Coral jewellery, live reptiles, ivory carvings or snake wine - the nature conservation organisation WWF and Frankfurt Zoo warn against illegally importing souvenirs of protected animal or plant species into Germany. Especially during the winter months, the main travel season for exotic regions such as Latin America or Southeast Asia, the knowing or unknowing smuggling of species becomes a problem. To prevent travellers from picking up the wrong souvenir out of ignorance, WWF has published a new souvenir guide for your pocket. A traffic light system classifies the various souvenir groups according to the current regulations of the Washington Convention on International Trade in Endangered Species of Wild Fauna and Flora (CITES) and provides a quick, uncomplicated overview.
According to the zoo and WWF, illegal trade is one of the biggest threats to endangered species and can have serious consequences for holidaymakers. Last year, for example, customs seized more than 580,000 protected animals, plants and goods made from them. The following applies: ignorance does not protect from punishment. Tourists with prohibited souvenirs in their luggage face fines or even imprisonment. "Holidaymakers endanger the populations of endangered species by collecting or buying souvenirs, often out of ignorance. With the guide, WWF wants to prevent people from reaching for illegal souvenirs and prevent holidaymakers from committing a criminal offence by importing them," explains Jörg-Andreas Krüger, Head of Biodiversity and Species Conservation at WWF Germany.
But not only products but also live specimens are smuggled. At Frankfurt Airport alone, one of Europe's most important hubs, more than 3,700 plants and over 4,600 live animals were confiscated in 2015. The latter often end up in the quarantine station of Frankfurt Zoo. "It is appalling under what appalling circumstances and in what miserable conditions animals are picked up. We have received snakes from customs that had been on their way from Argentina to Germany for four weeks in a postal parcel, as well as rare Mexican tree crawlers that were more dead than alive in the transport case and even gave birth to young," complains zoo director Professor Dr. Manfred Niekisch. "You could say there is nothing in the illegal animal trade that doesn't exist."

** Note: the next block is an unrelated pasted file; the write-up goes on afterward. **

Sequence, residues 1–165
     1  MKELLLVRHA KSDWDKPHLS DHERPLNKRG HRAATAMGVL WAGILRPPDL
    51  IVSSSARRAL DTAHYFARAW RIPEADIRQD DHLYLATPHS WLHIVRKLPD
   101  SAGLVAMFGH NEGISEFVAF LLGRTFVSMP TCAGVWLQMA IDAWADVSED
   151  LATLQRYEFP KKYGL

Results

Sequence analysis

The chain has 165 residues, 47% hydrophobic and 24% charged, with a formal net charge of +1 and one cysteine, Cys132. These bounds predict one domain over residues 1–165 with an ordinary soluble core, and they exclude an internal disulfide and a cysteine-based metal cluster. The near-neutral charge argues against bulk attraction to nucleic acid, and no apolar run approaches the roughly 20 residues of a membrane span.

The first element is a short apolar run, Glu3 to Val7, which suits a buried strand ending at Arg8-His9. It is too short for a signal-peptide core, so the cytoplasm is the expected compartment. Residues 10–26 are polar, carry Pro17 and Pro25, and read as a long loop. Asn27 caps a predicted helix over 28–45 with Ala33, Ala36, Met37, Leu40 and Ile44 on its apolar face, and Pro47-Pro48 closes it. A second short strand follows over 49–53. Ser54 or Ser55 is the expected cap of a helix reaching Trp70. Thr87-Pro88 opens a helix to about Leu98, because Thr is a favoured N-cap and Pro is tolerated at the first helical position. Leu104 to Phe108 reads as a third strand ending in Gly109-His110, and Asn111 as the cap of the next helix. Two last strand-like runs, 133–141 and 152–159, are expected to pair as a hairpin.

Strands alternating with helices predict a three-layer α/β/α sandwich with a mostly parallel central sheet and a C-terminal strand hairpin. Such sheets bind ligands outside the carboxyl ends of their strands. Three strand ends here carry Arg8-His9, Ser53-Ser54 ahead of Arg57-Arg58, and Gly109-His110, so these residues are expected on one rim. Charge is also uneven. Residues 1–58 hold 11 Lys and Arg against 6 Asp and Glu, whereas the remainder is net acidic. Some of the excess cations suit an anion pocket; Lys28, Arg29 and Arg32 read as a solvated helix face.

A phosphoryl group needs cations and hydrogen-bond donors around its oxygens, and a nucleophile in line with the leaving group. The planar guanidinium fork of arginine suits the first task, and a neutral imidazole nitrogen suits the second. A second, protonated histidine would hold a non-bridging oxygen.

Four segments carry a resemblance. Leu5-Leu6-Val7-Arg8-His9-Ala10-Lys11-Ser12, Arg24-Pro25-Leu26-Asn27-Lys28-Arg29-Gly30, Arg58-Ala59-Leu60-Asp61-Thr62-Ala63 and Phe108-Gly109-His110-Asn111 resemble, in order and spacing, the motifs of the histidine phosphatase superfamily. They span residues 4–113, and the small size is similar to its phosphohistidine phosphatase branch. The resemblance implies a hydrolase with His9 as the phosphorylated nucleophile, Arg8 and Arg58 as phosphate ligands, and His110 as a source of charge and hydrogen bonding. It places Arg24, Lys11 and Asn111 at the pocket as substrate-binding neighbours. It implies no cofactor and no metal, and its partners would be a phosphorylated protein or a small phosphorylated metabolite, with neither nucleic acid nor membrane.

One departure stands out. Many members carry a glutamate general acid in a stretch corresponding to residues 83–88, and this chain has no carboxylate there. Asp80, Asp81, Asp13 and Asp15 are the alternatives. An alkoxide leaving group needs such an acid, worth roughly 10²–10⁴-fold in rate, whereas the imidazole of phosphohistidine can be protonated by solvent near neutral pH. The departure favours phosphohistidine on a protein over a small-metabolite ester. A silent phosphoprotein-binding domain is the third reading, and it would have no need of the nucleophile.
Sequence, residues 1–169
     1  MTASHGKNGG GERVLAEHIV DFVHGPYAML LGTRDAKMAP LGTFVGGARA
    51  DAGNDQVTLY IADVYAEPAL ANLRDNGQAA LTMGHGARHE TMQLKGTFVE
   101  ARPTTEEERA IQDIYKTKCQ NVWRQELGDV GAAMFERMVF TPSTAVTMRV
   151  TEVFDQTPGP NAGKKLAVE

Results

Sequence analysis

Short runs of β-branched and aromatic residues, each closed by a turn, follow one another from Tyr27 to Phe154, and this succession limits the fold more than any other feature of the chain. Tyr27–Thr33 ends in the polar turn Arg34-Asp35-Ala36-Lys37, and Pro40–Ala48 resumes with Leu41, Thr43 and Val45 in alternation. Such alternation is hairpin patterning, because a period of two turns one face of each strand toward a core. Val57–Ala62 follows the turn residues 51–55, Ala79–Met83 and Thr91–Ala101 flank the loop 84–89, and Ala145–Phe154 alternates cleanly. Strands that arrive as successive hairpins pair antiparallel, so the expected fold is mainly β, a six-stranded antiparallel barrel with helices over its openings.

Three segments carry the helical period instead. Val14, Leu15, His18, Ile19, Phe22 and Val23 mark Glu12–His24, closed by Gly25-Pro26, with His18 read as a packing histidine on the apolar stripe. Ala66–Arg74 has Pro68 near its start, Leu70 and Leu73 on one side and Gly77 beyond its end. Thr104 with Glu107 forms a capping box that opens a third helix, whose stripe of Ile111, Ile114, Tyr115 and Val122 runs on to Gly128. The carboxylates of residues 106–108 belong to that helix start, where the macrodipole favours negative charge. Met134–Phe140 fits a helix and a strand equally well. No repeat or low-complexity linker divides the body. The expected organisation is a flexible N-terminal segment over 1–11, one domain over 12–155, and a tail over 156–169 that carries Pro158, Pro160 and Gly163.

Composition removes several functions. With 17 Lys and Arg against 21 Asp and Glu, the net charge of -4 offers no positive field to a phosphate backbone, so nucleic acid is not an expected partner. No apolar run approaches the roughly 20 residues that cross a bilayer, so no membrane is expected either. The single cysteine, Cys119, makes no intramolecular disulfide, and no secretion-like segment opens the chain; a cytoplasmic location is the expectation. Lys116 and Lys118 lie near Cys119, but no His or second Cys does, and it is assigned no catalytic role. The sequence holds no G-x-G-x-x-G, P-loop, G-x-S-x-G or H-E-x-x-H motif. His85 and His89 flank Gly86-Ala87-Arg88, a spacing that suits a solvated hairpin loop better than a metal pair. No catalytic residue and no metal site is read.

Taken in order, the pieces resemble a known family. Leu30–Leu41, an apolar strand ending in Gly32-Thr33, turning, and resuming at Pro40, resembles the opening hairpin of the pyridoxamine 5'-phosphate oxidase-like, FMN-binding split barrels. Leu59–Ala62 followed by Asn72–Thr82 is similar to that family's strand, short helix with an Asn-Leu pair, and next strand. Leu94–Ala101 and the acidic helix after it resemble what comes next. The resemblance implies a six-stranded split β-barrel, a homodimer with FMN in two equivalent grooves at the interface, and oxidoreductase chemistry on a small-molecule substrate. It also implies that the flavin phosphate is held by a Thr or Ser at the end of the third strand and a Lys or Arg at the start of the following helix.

Also on photos with supposedly tamed wild animals, such as in so-called tiger temples, should be avoided. "In many facilities in Asia, holidaymakers can pet tigers and pose for photos with the big cats. It cannot be excluded that behind the tourist facade also illegal trade with tigers and tiger products is operated. Tourists on the hunt for a tiger selfie may be supporting the wildlife mafia with their entry," warns WWF expert Krüger. And the zoo director reports: "I myself have experienced fully grown tigers in Thailand, completely drugged up with tranquilizers, whereby the photo-hungry tourists did not even notice that the head of the closely chained animal had to be held up so that it looked somewhat awake. So we are dealing with a species conservation and animal welfare issue here."
Background Illegal Souvenirs
Some 35,000 species of animals and plants are protected by the Washington Convention on International Trade in Endangered Species (CITES). International commercial trade in them is either completely banned or only allowed with permits. The WWF guidebook "Der letzte Schrei" helps with a simple traffic light system: red means "hands off", orange means permits must be presented, and green means "recommendable". Current trends and new legal regulations are also taken into account: Due to new trade laws, "saws" made from the upper jaw of saw rays are prohibited and decorative products made from most rosewood and ebony species are only allowed with conditions. Furthermore, due to avian flu, the import of live birds into the EU is now only possible with a veterinary certificate. The import of wild-caught birds is completely banned.
The WWF souvenir guide can be ordered from WWF:
WWF Germany, Infoservice, Keyword Souvenir Guidebook, Reinhardtstraße 18, 10117 Berlin